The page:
Blackberries are small fruits that belong to plants of the Rubus genus and Rosaceae family. Hybrid blackberries may belong to subgenera Idaeobatus as well as subgenus of Rubus.
These little berries are perfectly black when ripe and are very sweet. Berries picked slightly early are still sweet, but also tart.
Blackberries are eaten raw, dried, and used as fresh ingredients in various dishes (mainly desert foods).
Below, we discuss whether or not blackberries continue to ripen after being picked.
Do Blackberries Ripen After Being Picked?
Blackberries are one of many similar fruits which do not continue to ripen after they are picked. They need to be precisely ripe when picked or they will not continue to ripen. The blackberries that you find in stores are mainly hybrids, bred for lasting longer when ripe.
How Do You Ripen a Blackberry?
It is important to pick blackberries only once they are ripe and ready for consumption. If you pick red or purple blackberries you will be stuck with them, they will not turn black, soften, or ever become edible. That said, berries that are on the cusp of being ripe, that are already picked, may ripen a bit if added to a paper bag with a banana for a day or two.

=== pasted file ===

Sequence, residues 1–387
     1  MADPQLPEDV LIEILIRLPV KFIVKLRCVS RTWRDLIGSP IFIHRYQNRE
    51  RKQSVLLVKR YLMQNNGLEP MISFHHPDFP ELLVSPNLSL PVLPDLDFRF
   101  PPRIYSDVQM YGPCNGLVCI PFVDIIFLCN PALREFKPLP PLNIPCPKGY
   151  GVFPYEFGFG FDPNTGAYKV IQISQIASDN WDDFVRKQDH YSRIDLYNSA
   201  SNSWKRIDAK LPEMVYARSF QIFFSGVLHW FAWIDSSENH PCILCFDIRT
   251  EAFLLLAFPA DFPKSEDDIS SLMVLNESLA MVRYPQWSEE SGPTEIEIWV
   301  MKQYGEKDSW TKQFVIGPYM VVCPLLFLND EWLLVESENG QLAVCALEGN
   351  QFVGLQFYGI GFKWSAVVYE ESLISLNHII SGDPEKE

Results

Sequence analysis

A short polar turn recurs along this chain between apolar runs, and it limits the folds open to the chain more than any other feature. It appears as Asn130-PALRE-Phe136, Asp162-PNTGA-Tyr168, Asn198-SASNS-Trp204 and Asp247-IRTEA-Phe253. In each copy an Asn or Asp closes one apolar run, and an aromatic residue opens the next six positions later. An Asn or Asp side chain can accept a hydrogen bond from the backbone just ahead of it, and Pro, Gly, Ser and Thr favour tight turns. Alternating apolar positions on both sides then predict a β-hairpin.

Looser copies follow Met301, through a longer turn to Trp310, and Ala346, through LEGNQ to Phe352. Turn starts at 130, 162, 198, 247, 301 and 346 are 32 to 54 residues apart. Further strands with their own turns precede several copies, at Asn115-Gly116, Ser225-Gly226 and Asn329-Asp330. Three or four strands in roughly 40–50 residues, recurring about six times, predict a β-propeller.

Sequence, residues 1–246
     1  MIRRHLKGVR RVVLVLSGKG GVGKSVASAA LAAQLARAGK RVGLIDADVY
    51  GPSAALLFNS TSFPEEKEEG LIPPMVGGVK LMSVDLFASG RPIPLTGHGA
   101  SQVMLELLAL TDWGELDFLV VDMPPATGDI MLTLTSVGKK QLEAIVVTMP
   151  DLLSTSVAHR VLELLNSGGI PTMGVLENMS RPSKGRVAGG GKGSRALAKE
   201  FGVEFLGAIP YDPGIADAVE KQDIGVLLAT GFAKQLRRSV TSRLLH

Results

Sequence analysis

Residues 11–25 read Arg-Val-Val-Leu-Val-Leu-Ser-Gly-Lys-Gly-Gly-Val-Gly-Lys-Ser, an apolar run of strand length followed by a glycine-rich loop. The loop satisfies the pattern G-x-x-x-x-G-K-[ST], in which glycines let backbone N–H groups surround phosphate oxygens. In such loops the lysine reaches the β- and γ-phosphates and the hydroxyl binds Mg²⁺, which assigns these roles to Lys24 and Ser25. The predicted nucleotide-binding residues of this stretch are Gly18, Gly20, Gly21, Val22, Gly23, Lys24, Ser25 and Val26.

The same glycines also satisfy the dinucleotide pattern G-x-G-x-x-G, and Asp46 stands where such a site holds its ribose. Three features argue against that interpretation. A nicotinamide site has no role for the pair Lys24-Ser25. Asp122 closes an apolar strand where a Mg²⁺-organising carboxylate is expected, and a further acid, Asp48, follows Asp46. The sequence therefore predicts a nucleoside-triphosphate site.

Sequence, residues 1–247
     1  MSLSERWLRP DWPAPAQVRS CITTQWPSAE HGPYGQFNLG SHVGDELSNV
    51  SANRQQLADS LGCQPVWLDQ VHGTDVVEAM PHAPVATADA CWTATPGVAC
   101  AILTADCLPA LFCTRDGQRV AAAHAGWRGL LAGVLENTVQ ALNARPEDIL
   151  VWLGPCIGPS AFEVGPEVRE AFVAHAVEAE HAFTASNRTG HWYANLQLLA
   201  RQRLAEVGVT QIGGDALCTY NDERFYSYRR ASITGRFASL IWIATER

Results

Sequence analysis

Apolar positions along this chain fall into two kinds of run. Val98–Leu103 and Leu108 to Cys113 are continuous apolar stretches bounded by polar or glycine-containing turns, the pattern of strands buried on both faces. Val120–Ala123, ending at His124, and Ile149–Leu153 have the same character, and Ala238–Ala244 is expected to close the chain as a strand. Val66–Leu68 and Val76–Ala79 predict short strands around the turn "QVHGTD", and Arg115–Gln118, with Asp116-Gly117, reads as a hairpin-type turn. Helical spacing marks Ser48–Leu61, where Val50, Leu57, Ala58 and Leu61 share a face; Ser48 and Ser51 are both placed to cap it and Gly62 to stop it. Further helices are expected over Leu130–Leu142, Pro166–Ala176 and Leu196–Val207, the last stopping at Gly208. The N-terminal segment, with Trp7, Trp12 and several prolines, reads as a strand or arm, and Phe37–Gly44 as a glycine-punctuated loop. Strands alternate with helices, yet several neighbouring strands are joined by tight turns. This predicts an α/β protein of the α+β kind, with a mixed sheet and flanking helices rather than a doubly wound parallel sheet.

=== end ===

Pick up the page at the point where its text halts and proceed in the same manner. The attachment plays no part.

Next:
How to Tell if a Blackberry is Ripe?
Ripe blackberries are dull black in color, extra plump, and feel soft to the touch. They may feel as if they are ready to fall apart. If they are mushy though, they are overripe. Likewise, if the berry is even slightly hard it isn’t ripe yet. Also, ripe berries come off of the vine with ease.
Do blackberries get sweeter after being picked?
For the most part, blackberries are as sweet as they ever will be when they are picked. That’s because they don’t really ripen off of the vine. Berries may soften, ever so slightly, once picked, but will not become any sweeter.
How long does it take red blackberries to ripen?
On average, blackberries take around one to one and a half months to ripen (30 to 45 days) once they show up on the vine as white or red berries.